National Sun Awareness Week

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  Posted by: Dental Design      4th May 2023

National Sun Awareness Week runs from 3rd – 9th May 2023. It is a campaign led by The British Association of Dermatologists (BAD) and its aim is to highlight the danger of excessive sun exposure. The campaign is overseen by the BAD’s Skin Cancer Prevention Committee, which is comprised of leading medical professionals in the fields of skin cancer, vitamin D and public health messaging.

I’m sure we’re all aware that ultraviolet rays are the main cause of skin cancer, but UV light from sunbeds is just as dangerous, and for this reason the campaign is focused on discouraging their use, indeed, the BAD has been involved in campaigning for legislation to regulate the sun bed industry and is continuing to push towards further and improved regulation.

Ultimately, National Sun Awareness Week offers professional guidance on how we can all enjoy the sun safely because each year, people still fail to take the necessary precautions. Evidence suggests that there is a lot of confusion surrounding what exactly constitutes “exposure to the sun.” For example, many people are unaware that a crisp sunny day in winter can be just as dangerous as a balmy summer’s day.

Thus, National Sun Awareness Week serves to expel all the myths around sun exposure and provide all the facts, evidence, and tips we all need to know e.g., many people believe that:

  1. Those with darker skin do not need to wear sun cream
  2. Sunbathing is fine as long as you do not burn
  3. You are only likely to burn on a hot summer day
  4. You cannot burn through glass
  5. Sunbeds are safer than sun exposure

But these are myths, and we need to dispel them!

Most people have been affected by sun damage to the skin at some time. In 2022, 35% of people in the UK were burnt at least once, and of those 28% were burnt more than three times during the year-worrying statistics.

Skin cancer is one of the most common forms of cancer in the UK, there are at least 172,000 new diagnoses each year and sadly it is responsible for 3,200 deaths. It occurs as a result of mutations in skin cell DNA from exposure to UV light and other carcinogens. Occasionally it can also occur from a genetic predisposition, where mutated skin cells rapidly divide and grow into tumours. There are two main types: melanoma and non-melanoma. Whilst the former is less common, it is also more deadly, but the good news is that most cases (86%) are preventable. This is why it is so important that as health professionals we are clued up on the risk factors. So, just what should we be advising our patients? Well here goes:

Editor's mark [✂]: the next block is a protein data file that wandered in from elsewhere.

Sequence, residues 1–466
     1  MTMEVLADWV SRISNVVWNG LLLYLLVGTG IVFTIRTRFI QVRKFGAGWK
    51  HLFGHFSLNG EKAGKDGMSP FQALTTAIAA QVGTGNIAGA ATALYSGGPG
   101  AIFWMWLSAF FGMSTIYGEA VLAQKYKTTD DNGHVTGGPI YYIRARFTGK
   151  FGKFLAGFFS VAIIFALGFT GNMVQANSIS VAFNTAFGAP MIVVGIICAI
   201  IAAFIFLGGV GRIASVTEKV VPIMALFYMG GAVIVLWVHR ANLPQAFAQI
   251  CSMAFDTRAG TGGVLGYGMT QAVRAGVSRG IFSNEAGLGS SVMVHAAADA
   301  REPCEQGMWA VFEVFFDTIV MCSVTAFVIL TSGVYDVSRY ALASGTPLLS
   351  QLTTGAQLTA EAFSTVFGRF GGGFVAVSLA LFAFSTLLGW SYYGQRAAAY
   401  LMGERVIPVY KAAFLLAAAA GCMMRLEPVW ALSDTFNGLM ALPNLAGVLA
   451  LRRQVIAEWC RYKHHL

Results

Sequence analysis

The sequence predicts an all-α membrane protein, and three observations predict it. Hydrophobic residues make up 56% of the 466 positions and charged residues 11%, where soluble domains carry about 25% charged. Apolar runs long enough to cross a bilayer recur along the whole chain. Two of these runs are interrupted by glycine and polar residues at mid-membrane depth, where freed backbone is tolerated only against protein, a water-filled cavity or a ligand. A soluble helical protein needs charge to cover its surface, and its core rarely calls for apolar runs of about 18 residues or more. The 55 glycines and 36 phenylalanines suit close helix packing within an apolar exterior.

1. The majority of sun damage occurs in childhood, and then manifests as skin cancer in adulthood. Therefore, it is vital to protect children from the harmful effects of sunlight. Slather them in SPF 50 or better still invest in UV protective clothing that they can wear outdoors
  2. The saying goes that only ‘mad dogs and Englishmen go out in the midday sun’ -wise words indeed because its best to stay in the shade from 11am to 3pm when UV rays are strongest
  3. It is easy to apply suncream once you are in the sun but ideally you need to apply it at least half an hour before and reapply regularly especially if involved in outdoor sweaty activities
  4. Wear a hat-a lot of skin cancer occurs on the scalp and face which is why as dental professionals we often notice abnormalities
  1. Always wear sunglasses
  1. Whilst it is true that those with lighter skin are more prone to developing skin cancer, all skin types are susceptible. So, whatever the skin type, sunscreen (including SPF lip balm) should always be worn and burning should be avoided at all costs

Finally, if in doubt, get it checked out-as health professionals this should be our mantra-if you are at all suspicious of any irregularity refer to a specialist for further investigation.

So, to summarise, it is quite easy for us all to be safe when outside, simply remember to wear sunscreen, protective gear and stay in the shade when the sun is at its highest. This will help to save skin from harmful and painful damage caused by the sun which is essential as over-exposure to the sun’s rays can do serious damage.

About the Author

Ali Lowe is an award-winning dental hygienist based in Cardiff and has worked in both private & NHS practice as well as the Orthodontic department of Cardiff Dental School. Her interest in helping patients both before and after cancer diagnosis began following enrolment on Victoria Wilsons Smile Revolution course and the development of Fit Lip UK – a campaign aimed at encouraging people to wear SPF lip balm in order to protect their lips, prevent lip cancer & keep their mouth healthy. Ali volunteers for the Mouth Cancer Foundation, has had several articles published in both the dental and public press, is actively involved in the BSDHT and is on the publications committee of Dental Health (the hygienist & therapist journal). Ali is fervent about raising awareness of mouth cancer (in particular lip cancer), its side effects and the importance of continuing care.


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